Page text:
The one thing I had a problem with in reading Bel Canto was the redundancy. Though she wrote with fresh words, it was still the same old fascination with the opera singer, who isn't, incidentally, the most fascinating character in the book. I found the supporting cast of characters, so to speak, much more interesting. Ann Patchett can write a well rounded character and slip it into the story like a popcycle into a child's mouth, cool, tasty, dripping with sweet and begging for more.

The thread of mystery and suspense is what kept me hooked on Ann Patchett's, Bel Canto. I read this book in a day and a half. It would have been a day, if I hadn't been interrupted. Don't ya hate when that happens?

Reading this book until 2 A.M. was totally enjoyable. I have thanked Bel Canto for the good read. Though she now sits snuggly on my shelf, she wont be there for long. I know soon, I will kiss that book good bye.

It will stay there until it magnetizes itself to someone who simply must read it. The eyes will lightly scan my book shelves. The hand will reach out, being pulled without force. The question will be asked. "What's this one about?" Before I can go into my speil, the book will be clutched and carried out the door.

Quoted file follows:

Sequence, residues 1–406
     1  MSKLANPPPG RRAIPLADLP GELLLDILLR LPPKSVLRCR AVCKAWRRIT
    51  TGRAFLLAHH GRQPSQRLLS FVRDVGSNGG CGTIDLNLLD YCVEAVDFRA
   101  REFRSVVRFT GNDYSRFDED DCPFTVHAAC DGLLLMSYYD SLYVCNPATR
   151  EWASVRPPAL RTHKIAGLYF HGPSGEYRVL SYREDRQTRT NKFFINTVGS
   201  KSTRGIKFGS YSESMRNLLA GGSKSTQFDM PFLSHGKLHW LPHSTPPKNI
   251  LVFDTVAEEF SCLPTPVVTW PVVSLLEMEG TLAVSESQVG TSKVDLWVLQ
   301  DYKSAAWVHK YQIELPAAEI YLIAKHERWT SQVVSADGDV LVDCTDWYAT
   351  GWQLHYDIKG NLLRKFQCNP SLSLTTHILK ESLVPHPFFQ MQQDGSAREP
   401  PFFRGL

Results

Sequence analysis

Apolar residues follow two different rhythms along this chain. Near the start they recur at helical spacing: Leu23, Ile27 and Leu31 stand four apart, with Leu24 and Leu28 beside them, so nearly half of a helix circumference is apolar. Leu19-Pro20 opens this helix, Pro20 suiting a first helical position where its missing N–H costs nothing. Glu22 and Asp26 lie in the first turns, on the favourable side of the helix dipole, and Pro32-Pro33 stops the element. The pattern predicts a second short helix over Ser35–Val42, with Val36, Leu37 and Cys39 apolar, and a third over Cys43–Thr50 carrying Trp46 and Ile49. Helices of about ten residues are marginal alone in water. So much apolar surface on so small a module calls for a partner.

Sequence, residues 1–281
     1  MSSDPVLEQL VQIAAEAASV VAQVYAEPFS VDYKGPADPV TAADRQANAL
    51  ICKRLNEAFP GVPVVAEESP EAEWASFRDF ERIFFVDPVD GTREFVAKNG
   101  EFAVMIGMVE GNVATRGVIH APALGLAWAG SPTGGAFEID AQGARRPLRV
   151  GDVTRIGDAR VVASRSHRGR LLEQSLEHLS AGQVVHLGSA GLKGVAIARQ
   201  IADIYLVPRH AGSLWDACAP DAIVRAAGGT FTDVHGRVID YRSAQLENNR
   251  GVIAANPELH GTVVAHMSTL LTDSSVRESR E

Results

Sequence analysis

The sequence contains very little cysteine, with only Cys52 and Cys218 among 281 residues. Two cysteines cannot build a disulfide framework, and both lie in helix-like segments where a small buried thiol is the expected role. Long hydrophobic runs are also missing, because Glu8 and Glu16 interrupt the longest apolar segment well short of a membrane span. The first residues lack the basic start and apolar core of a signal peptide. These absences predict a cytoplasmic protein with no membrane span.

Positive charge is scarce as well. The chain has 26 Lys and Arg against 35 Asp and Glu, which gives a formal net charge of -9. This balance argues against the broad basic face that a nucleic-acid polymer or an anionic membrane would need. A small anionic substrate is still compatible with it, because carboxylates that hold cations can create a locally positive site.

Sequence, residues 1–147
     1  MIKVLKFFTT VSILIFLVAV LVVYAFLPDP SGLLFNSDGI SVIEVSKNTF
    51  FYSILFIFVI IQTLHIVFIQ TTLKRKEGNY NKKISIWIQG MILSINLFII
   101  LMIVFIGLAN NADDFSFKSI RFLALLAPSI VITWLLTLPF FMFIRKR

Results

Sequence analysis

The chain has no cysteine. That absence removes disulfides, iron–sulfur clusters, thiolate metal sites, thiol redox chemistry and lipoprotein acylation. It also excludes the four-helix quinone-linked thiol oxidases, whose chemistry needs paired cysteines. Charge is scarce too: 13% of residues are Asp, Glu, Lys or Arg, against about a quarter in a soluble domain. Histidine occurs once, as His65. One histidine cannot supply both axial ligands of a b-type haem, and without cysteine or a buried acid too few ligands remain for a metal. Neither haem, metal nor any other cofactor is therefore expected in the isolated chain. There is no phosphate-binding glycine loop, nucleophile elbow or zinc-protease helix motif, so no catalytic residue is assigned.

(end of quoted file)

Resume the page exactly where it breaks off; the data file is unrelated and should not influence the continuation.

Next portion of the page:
Will I ever see it again? Probably not. I don't lend books. I give them away. I think we all have to let go sometime. To keep a book on a shelf for 20 years and never having it opened and read but once is my idea of a sin. That's like locking the Vintage Chrysler in the garage and never taking it out into the sunlight so others can feast their eyes. Or keeping the "good" china high up in the cupboard for a "special" occasion that never happens.